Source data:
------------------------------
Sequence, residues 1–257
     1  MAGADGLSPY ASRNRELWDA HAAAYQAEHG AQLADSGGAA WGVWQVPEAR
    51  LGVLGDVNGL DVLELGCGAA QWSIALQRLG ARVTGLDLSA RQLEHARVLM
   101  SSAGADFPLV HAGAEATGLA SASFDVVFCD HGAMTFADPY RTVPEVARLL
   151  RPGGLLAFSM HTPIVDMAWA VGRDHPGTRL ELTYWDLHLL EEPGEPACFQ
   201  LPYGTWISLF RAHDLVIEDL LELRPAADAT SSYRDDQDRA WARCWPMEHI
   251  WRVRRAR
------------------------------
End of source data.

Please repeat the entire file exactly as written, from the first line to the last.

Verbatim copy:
Sequence, residues 1–257
     1  MAGADGLSPY ASRNRELWDA HAAAYQAEHG AQLADSGGAA WGVWQVPEAR
    51  LGVLGDVNGL DVLELGCGAA QWSIALQRLG ARVTGLDLSA RQLEHARVLM
   101  SSAGADFPLV HAGAEATGLA SASFDVVFCD HGAMTFADPY RTVPEVARLL
   151  RPGGLLAFSM HTPIVDMAWA VGRDHPGTRL ELTYWDLHLL EEPGEPACFQ
   201  LPYGTWISLF RAHDLVIEDL LELRPAADAT SSYRDDQDRA WARCWPMEHI
   251  WRVRRAR